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A Frost in the Night

Review

A Frost in the Night

"There fell a frost in a night of spring, /It fell on the tender young flowers blue, /They withered away and wilted..." In A FROST IN THE NIGHT, Holocaust survivor Edith Baer tips her pen to Heinrich Heine (1797-1856), a fellow Jew and one of Germany's greatest poets, by quoting his poem based on an old German folk song. From the opening pages through to the last, Baer, like Heine, displays a romantic view of her homeland and people, conveyed ever so eloquently through the eyes of 12-year-old Eva Bentheim. Through Eva's observations, Baer chronicles Hitler's rise to power and the eventual end of a way of life. And though the setting of this compelling novel may be fictional, the events therein are anything but.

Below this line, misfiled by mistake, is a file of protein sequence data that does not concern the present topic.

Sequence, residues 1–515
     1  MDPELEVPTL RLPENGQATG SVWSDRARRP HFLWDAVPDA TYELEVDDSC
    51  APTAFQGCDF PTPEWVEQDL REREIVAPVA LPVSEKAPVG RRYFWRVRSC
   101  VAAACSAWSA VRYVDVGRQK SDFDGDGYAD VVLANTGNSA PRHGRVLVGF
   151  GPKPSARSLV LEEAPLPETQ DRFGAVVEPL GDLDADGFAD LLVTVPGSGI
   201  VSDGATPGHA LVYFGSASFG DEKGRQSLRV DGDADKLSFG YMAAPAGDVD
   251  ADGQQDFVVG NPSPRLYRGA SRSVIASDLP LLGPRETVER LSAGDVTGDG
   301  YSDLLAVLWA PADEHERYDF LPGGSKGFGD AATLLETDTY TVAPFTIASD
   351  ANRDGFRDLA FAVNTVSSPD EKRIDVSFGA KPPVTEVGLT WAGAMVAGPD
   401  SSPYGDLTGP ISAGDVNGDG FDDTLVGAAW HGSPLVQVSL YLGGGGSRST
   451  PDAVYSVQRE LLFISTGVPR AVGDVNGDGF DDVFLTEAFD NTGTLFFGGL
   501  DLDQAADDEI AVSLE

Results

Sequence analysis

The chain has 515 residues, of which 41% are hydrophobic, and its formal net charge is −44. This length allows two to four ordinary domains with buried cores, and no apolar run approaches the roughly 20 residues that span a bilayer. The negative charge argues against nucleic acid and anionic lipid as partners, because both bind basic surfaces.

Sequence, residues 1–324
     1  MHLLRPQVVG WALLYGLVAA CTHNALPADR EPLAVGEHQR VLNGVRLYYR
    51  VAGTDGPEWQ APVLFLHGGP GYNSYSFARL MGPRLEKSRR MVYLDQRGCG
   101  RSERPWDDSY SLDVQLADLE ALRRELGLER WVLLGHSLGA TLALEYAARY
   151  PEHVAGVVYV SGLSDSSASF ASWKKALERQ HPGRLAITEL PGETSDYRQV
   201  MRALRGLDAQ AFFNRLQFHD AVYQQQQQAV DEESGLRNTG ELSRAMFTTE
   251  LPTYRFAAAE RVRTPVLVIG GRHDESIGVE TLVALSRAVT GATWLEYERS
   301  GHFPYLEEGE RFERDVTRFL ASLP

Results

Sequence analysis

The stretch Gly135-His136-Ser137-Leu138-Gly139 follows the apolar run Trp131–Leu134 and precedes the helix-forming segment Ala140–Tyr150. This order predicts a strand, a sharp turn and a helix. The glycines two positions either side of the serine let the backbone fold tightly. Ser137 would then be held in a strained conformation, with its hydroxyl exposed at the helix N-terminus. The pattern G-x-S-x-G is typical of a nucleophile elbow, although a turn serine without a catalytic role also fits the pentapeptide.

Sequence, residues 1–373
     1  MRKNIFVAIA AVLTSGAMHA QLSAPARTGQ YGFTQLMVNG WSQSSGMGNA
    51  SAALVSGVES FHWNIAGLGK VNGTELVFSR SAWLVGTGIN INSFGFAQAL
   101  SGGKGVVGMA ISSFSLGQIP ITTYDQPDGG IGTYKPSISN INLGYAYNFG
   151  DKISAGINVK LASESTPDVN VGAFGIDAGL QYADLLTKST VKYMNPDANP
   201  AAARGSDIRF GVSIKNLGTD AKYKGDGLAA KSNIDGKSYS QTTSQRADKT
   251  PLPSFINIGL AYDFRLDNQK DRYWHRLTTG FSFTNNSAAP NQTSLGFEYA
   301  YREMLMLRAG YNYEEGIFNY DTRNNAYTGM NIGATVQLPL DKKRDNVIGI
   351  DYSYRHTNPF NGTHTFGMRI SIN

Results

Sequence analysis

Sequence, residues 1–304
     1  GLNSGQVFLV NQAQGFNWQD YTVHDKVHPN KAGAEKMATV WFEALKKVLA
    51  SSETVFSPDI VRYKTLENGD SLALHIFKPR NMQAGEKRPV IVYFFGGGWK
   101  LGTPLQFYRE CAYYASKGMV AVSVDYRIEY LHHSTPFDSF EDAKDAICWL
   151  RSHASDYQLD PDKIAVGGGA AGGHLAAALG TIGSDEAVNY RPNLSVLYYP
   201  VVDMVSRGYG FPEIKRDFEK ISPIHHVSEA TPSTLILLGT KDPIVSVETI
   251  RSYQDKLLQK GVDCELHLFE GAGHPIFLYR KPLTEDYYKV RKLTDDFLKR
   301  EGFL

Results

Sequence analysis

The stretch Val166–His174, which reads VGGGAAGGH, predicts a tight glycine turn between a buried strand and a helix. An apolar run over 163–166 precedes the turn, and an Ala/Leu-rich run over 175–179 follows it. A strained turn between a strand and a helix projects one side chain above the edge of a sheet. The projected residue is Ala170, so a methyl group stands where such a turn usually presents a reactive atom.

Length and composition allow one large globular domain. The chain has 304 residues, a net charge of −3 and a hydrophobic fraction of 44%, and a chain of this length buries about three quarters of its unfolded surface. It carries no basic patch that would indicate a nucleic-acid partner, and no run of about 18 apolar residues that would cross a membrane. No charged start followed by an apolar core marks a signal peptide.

Born the daughter of a bourgeois Jewish family, Eva lives wrapped in the comforts of family and friends in an idyllic world framed by the familiarity of school, summer break, and holidays. In Thalstadt, where Eva's respected and patriotic family has lived for generations, Jews and Christians live side by side. Their children play together, go to school together, and even share holidays. One thing they don't share is the impending sense of doom felt by all Jews during "the times," as Eva's mother refers to them. From her intellectual father to her steadfast grandfather, Hitler's edicts effect each one differently, including Eva. Over time, Eva is brought face to face with the truth of "the times" and is shaken to her very core.

A FROST IN THE NIGHT was nominated for the National Jewish Book Award and won the Arnold Gingrich Award for Literature when it was first published in 1980. This reissue coincides with the recent publication of its long-awaited companion, WALK THE DARK STREETS.

Reviewed by Tammy L. Currier on October 15, 1998

A Frost in the Night
by Edith Baer

  • Publication Date: October 15, 1998
  • Paperback: 224 pages
  • Publisher: Farrar, Straus and Giroux (BYR)
  • ISBN-10: 0374424829
  • ISBN-13: 9780374424824